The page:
# Find largest rectangle containing only zeros in an N×N binary matrix

Given an NxN binary matrix (containing only 0's or 1's), how can we go about finding largest rectangle containing all 0's?

Example:

``````      I
0 0 0 0 1 0
0 0 1 0 0 1
II->0 0 0 0 0 0
1 0 0 0 0 0
0 0 0 0 0 1 <--IV
0 0 1 0 0 0
IV
``````

is a 6×6 binary matrix; the return value in this case will be Cell 1: (2, 1) and Cell 2: (4, 4). The resulting sub-matrix can be square or rectangular. The return value can also be the size of the largest sub-matrix of all 0's, in this example 3 × 4.

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Please consider changing the accepted answer to J.F. Sebastian's answer, which is now correct and has optimal complexity. –  j_random_hacker Jan 15 '11 at 4:18
Please check very similar (I'd say duplicate) questions: stackoverflow.com/questions/7770945/… , stackoverflow.com/a/7353193/684229 . The solution is `O(n)`. –  Tomas Mar 29 '12 at 20:15

Here's a solution based on the "Largest Rectangle in a Histogram" problem suggested by @j_random_hacker in the comments:

[Algorithm] works by iterating through rows from top to bottom, for each row solving this problem, where the "bars" in the "histogram" consist of all unbroken upward trails of zeros that start at the current row (a column has height 0 if it has a 1 in the current row).

The input matrix `mat` may be an arbitrary iterable e.g., a file or a network stream. Only one row is required to be available at a time.

``````#!/usr/bin/env python
from collections import namedtuple
from operator import mul

Info = namedtuple('Info', 'start height')

def max_size(mat, value=0):
"""Find height, width of the largest rectangle containing all `value`'s."""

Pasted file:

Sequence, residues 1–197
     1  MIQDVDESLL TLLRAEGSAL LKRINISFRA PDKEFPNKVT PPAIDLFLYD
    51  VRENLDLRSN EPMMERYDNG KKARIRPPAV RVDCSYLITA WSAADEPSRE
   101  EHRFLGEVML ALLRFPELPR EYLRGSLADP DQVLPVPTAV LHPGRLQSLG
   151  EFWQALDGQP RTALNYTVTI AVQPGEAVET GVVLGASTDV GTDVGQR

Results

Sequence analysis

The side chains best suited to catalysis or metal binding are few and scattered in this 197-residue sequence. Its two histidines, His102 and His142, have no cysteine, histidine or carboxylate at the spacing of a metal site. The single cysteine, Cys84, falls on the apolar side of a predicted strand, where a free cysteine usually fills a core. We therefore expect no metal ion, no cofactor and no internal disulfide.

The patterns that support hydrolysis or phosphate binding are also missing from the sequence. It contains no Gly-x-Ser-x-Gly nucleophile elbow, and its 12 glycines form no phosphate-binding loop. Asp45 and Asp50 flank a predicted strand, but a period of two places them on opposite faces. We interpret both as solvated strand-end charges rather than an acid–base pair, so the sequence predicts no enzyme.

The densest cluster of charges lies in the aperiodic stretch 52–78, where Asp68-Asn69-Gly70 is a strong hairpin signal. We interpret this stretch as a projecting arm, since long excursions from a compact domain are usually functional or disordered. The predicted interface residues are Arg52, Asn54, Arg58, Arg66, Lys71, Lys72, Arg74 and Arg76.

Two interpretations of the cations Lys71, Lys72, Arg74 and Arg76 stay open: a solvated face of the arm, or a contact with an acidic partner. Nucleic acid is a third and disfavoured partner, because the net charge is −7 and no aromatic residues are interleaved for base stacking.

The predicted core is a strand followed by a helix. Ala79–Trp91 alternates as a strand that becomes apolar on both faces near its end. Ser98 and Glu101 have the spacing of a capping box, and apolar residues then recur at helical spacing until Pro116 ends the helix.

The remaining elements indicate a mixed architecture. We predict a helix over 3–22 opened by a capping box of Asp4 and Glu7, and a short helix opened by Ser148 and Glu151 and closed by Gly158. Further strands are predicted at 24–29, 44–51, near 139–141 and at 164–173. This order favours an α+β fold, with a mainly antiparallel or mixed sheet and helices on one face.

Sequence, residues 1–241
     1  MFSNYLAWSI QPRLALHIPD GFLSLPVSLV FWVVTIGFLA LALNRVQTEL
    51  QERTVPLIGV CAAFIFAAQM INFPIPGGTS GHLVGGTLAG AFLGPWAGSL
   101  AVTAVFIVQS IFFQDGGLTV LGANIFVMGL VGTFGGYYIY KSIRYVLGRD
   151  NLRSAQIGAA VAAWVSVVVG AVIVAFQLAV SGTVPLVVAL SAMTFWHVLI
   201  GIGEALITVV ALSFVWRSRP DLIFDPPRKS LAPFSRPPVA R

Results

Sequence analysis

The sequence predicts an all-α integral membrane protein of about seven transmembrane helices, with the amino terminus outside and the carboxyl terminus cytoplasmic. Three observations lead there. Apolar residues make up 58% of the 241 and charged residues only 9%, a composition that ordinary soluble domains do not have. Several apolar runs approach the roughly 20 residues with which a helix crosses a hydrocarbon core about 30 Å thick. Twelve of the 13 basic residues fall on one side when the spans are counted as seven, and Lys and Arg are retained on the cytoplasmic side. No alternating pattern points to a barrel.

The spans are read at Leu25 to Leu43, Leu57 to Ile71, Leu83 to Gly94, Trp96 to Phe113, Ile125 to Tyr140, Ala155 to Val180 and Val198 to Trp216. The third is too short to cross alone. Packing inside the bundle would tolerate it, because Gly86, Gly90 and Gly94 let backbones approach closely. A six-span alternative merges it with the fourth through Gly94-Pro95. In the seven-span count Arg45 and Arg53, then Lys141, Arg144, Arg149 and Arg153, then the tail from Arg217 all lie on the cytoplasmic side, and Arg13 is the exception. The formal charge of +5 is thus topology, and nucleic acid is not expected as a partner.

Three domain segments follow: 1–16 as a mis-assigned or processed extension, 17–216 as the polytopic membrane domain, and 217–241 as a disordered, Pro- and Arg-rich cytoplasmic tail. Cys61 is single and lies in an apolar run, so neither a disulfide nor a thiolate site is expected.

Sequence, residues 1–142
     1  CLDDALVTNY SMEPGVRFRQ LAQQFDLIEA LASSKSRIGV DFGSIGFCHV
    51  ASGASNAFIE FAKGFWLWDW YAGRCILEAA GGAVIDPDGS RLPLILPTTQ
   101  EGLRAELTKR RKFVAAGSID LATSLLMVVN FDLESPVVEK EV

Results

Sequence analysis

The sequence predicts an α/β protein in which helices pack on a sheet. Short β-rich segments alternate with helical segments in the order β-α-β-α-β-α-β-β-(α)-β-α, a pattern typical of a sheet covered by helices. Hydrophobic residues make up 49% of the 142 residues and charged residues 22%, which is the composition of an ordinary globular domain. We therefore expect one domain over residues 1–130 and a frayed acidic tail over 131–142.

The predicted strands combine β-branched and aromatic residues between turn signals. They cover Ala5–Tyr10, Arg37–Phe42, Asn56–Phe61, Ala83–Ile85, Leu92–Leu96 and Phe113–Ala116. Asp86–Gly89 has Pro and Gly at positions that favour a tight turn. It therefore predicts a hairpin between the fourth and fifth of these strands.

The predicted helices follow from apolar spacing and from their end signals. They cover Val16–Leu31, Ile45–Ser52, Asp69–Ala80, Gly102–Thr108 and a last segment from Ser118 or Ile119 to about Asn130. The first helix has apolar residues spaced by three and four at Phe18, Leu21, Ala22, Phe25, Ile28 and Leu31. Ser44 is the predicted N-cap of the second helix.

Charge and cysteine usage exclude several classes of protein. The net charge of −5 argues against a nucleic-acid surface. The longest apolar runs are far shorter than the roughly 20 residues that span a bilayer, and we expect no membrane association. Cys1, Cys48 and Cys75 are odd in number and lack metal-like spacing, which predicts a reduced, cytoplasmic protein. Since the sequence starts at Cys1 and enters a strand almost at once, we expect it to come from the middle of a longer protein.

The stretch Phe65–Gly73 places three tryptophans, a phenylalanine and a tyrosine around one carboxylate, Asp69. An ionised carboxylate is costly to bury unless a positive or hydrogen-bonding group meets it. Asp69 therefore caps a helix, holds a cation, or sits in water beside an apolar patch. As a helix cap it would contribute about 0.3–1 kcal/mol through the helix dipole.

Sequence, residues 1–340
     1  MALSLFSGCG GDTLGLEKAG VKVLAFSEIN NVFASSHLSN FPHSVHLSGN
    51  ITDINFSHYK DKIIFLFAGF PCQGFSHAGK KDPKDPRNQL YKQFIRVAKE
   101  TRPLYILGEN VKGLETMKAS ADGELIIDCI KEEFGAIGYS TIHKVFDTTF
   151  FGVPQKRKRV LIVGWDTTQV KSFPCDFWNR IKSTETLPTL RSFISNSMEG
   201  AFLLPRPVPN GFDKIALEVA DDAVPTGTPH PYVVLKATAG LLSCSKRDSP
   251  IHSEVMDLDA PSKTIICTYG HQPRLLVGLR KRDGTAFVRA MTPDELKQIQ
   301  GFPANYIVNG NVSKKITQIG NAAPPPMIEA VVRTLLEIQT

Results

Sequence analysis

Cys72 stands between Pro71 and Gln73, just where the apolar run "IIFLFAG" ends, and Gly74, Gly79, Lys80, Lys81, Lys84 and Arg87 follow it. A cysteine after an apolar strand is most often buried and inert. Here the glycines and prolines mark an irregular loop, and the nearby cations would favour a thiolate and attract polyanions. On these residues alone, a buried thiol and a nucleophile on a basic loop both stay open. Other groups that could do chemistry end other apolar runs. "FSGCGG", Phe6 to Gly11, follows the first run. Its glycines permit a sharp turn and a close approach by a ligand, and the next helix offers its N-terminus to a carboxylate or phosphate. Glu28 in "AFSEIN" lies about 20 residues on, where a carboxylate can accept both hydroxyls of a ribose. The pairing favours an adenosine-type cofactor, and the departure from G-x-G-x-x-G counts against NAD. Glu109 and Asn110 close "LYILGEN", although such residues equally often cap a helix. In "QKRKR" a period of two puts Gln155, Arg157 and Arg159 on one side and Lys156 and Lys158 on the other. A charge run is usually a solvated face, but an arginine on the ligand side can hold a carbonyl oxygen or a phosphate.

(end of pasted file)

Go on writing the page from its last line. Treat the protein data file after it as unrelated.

it = iter(mat)
hist = [(el==value) for el in next(it, [])]
max_size = max_rectangle_size(hist)
for row in it:
hist = [(1+h) if el == value else 0 for h, el in zip(hist, row)]
max_size = max(max_size, max_rectangle_size(hist), key=area)
return max_size

def max_rectangle_size(histogram):
"""Find height, width of the largest rectangle that fits entirely under
the histogram.
"""
stack = []
top = lambda: stack[-1]
max_size = (0, 0) # height, width of the largest rectangle
pos = 0 # current position in the histogram
for pos, height in enumerate(histogram):
start = pos # position where rectangle starts
while True:
if not stack or height > top().height:
stack.append(Info(start, height)) # push
elif stack and height < top().height:
max_size = max(max_size, (top().height, (pos - top().start)),
key=area)
start, _ = stack.pop()
continue
break # height == top().height goes here

pos += 1
for start, height in stack:
max_size = max(max_size, (height, (pos - start)), key=area)
return max_size

def area(size):
return reduce(mul, size)
``````

The solution is `O(N)`, where `N` is the number of elements in a matrix. It requires `O(ncols)` additional memory, where `ncols` is the number of columns in a matrix.

Latest version with tests is at https://gist.github.com/776423

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Good try, but this fails `max_size([[0,0,0,0,1,1,1], [0,0,0,0,0,0,0], [0,0,0,1,1,1,1], [0,0,1,1,1,1,1]] + [[1,0,1,1,1,1,1]] * 3)`, returning (2, 4) when there is a 3x3 square in the top left. –  j_random_hacker Jan 14 '11 at 2:02